Show simple item record

Files in this item


Item metadata

dc.contributor.advisorCotnoir, A. J.
dc.contributor.advisorGreenough, Patrick
dc.contributor.authorTanswell, Fenner Stanley
dc.coverage.spatial212 p.en_US
dc.description.abstractThis thesis is about the nature of proofs in mathematics as it is practiced, contrasting the informal proofs found in practice with formal proofs in formal systems. In the first chapter I present a new argument against the Formalist-Reductionist view that informal proofs are justified as rigorous and correct by corresponding to formal counterparts. The second chapter builds on this to reject arguments from Gödel's paradox and incompleteness theorems to the claim that mathematics is inherently inconsistent, basing my objections on the complexities of the process of formalisation. Chapter 3 looks into the relationship between proofs and the development of the mathematical concepts that feature in them. I deploy Waismann's notion of open texture in the case of mathematical concepts, and discuss both Lakatos and Kneebone's dialectical philosophies of mathematics. I then argue that we can apply work from conceptual engineering to the relationship between formal and informal mathematics. The fourth chapter argues for the importance of mathematical knowledge-how and emphasises the primary role of the activity of proving in securing mathematical knowledge. In the final chapter I develop an account of mathematical knowledge based on virtue epistemology, which I argue provides a better view of proofs and mathematical rigour.en_US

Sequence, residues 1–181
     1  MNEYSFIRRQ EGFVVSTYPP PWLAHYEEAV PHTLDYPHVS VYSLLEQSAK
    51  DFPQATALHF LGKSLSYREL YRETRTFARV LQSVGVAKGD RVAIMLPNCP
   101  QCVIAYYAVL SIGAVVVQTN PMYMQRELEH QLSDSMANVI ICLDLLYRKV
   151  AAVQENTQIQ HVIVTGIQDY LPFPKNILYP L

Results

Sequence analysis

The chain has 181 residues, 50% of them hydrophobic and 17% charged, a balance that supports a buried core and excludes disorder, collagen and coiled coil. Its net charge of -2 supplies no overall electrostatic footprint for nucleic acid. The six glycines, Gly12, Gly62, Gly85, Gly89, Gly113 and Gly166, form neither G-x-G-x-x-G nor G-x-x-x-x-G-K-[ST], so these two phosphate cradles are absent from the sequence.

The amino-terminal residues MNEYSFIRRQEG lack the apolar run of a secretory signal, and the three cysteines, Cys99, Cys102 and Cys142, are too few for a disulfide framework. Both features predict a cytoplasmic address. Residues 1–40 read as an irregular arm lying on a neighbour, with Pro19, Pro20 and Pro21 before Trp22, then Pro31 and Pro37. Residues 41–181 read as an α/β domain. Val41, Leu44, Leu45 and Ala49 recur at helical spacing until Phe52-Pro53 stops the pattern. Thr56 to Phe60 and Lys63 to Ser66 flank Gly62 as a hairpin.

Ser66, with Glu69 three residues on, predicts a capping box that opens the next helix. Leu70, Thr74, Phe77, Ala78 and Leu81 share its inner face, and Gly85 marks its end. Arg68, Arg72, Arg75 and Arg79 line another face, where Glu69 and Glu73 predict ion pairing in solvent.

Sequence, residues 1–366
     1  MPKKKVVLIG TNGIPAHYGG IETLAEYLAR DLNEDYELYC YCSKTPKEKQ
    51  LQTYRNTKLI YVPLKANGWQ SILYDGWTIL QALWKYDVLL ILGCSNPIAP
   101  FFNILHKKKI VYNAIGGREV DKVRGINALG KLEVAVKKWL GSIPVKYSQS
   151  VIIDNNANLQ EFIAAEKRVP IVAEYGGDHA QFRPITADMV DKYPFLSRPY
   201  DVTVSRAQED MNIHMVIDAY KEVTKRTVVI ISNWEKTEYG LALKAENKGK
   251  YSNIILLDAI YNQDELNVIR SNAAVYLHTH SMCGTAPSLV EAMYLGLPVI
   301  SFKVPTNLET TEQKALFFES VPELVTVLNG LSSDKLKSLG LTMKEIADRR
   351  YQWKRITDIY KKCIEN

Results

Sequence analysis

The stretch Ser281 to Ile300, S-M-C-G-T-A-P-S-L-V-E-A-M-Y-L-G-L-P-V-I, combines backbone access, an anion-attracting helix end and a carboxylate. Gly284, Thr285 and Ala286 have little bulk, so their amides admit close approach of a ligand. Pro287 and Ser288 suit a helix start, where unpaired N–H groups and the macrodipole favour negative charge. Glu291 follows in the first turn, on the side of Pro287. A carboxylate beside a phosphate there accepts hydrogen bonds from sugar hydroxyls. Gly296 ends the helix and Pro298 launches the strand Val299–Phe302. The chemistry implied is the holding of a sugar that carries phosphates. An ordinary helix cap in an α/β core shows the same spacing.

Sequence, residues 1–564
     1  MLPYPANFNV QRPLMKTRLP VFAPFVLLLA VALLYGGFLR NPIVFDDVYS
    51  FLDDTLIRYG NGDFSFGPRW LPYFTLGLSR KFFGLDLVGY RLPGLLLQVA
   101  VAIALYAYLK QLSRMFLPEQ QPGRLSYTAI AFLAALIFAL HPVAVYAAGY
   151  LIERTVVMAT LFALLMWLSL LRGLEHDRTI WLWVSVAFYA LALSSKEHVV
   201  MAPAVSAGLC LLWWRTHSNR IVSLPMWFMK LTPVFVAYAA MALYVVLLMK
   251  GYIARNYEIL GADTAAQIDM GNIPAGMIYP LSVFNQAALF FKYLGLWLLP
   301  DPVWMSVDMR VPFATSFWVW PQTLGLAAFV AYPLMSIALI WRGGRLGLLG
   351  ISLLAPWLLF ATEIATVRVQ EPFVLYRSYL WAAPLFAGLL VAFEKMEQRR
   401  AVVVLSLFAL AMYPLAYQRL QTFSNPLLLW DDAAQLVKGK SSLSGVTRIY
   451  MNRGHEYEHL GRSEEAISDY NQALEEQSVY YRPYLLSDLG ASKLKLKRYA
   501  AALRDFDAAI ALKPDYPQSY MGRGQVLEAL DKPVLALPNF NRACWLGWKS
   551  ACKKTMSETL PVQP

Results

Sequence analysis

dc.description.sponsorshipFunded by the Caroline Elder PG Scholarship and a SASP scholarship, and with travel funded by the Indo-European Research Training Network in Logic and the Arché Travel Fund.en
dc.publisherUniversity of St Andrews
dc.subjectVirtue epistemologyen_US
dc.subjectOpen textureen_US
dc.subjectMathematical practiceen_US
dc.subjectGödel's theoremsen_US
dc.subjectConceptual engineeringen_US
dc.subjectPhilosophy of mathematicsen_US
dc.subject.lcshVirtue epistemologyen
dc.subject.lcshProof theoryen
dc.titleProof, rigour and informality : a virtue account of mathematical knowledgeen_US
dc.contributor.sponsorCaroline Elder Scholarshipen_US
dc.contributor.sponsorSt Andrews and Stirling Graduate Programme in Philosophy (SASP)en_US
dc.contributor.sponsorIndo-European Research and Training Network in Logic (IERTNiL)en_US
dc.contributor.sponsorArché Travel Funden_US
dc.type.qualificationnamePhD Doctor of Philosophyen_US
dc.publisher.institutionThe University of St Andrewsen_US
dc.publisher.departmentUniversity of Stirlingen_US

This item appears in the following Collection(s)

Show simple item record